Superdry co-founder Julian Dunkerton has donated £1m to the People’s Vote campaign, which is demanding a fresh vote on the final Brexit deal.
Dunkerton, who describes himself as a serial entrepreneur behind businesses including Superdry, Cult Clothing, Soho Coffee and Massive Records, said that if Brexit had happened 20 years ago Superdry “would not be the global success story it is”.
“We would have really struggled to cope with the individual country negotiations,” he said.
He donated to the campaign because he believes it is not too late to put the government’s Brexit deal before the country in a public vote.
He said: “To put it in a really crass simple form, if you are in a restaurant and you order chicken and it comes to you undercooked and it’s going to make you sick, do you sit there and eat it or do you order a steak instead?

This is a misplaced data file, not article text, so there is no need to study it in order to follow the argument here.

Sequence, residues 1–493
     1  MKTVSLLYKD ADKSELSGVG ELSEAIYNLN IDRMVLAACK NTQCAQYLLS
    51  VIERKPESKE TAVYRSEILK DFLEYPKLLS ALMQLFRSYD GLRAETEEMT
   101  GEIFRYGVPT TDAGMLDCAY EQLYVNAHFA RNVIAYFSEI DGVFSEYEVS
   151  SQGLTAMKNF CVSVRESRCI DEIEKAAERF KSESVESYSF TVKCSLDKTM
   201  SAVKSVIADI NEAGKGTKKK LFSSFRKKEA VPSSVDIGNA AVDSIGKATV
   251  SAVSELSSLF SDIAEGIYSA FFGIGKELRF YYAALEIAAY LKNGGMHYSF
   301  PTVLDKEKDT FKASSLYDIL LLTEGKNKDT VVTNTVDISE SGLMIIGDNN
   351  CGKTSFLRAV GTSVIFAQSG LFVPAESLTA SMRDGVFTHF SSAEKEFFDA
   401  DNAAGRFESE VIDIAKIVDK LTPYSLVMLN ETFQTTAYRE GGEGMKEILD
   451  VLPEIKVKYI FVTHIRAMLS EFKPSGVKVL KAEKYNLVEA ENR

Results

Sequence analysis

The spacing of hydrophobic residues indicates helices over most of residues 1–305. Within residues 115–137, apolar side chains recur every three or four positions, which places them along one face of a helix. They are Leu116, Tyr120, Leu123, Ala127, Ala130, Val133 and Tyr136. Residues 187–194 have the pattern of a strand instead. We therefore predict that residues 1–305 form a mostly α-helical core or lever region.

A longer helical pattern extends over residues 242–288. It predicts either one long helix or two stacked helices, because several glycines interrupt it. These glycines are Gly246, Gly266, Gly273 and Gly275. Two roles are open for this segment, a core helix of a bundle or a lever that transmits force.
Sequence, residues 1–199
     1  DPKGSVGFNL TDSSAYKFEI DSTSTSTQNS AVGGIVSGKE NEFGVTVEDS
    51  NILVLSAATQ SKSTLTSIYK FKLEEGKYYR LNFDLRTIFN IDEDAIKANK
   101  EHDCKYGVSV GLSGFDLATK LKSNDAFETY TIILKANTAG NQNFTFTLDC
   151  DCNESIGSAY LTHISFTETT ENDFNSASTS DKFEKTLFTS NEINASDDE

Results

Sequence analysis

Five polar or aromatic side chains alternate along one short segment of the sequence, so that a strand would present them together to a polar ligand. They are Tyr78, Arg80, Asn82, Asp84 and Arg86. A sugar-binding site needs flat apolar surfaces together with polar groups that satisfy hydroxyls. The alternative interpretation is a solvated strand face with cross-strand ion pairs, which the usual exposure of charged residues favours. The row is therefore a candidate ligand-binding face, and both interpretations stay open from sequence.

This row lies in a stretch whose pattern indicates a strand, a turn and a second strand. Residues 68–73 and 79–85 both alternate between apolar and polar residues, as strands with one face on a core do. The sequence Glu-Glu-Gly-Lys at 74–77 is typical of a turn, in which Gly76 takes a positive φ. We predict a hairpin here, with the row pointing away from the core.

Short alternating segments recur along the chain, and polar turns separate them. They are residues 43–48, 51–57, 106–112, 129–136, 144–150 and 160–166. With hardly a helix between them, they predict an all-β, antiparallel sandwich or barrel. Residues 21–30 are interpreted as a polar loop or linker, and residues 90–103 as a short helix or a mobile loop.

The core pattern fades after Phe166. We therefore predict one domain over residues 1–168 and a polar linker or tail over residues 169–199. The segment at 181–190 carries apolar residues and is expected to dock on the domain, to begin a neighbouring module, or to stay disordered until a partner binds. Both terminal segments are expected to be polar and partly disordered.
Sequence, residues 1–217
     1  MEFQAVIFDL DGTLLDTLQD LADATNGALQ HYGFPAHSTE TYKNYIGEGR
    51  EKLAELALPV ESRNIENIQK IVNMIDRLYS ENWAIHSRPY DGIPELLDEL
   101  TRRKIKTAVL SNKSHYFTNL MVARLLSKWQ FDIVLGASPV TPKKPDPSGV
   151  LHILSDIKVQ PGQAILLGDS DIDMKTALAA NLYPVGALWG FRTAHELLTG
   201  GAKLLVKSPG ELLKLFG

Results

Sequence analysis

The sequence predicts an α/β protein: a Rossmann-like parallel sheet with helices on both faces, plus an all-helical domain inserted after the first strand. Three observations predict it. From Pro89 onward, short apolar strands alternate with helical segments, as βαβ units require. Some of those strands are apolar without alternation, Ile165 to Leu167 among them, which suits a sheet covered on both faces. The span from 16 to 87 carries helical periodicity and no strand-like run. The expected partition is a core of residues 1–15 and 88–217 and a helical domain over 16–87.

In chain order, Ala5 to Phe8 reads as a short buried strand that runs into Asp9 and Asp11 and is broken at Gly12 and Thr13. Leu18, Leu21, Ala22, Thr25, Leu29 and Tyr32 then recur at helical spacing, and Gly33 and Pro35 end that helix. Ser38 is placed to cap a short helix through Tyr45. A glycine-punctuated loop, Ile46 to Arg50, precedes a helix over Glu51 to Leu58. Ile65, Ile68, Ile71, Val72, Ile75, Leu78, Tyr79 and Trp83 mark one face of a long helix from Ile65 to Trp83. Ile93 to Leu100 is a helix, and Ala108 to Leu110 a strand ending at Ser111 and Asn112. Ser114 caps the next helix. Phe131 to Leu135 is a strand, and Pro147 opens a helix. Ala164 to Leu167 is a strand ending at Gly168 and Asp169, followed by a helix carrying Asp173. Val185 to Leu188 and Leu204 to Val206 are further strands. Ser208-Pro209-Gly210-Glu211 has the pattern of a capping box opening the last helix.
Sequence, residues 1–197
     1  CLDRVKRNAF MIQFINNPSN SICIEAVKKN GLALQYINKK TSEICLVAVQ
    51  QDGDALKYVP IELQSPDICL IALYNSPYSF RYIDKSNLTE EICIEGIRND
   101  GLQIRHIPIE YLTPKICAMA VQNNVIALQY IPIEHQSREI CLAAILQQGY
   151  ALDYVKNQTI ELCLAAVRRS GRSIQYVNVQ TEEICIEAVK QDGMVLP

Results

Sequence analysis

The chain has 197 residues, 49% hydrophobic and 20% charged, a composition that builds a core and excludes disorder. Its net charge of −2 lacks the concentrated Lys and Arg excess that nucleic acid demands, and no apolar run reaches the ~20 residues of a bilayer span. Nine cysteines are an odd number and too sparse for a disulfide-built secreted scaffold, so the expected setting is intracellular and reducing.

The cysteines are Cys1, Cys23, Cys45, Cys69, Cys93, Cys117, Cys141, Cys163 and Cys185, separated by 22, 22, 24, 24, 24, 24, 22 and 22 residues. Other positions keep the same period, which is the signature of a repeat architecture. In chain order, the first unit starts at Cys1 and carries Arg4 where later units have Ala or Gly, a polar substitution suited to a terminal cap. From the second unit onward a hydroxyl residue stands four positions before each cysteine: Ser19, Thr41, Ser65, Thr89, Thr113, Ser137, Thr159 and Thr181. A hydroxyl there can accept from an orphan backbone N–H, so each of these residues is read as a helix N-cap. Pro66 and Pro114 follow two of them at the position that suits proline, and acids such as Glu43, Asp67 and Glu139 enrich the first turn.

“And it’s really as simple as that. What they’ve got is a really undercooked chicken that’s going to make them very bloody ill.”
He continued: “We’re in a really really exciting time for this country because we could be one of the great nations of the world and we might not be. And that is the choice we are making. But it’s not too late, that’s the important thing. We’re here today because it isn’t too late.”
Dunkerton sold 5.5 million shares in Superdry in July, raising approximately £71m.
Superdry, formerly known as SuperGroup, was formed in 1985 when Dunkerton and his business partner launched a Cheltenham store called Cult Clothing, which they subsequently turned into a nationwide chain.
In 2003, Dunkerton joined forces with Bench founder James Holder to create a new in-house brand, Superdry.
Cult Clothing closed in 2012 after being gradually phased out of the business.
Earlier this month Dunkerton married Jade Holland Cooper, one of Drapers 30 Under 30 alumni and the founder of luxury lifestyle label Holland Cooper.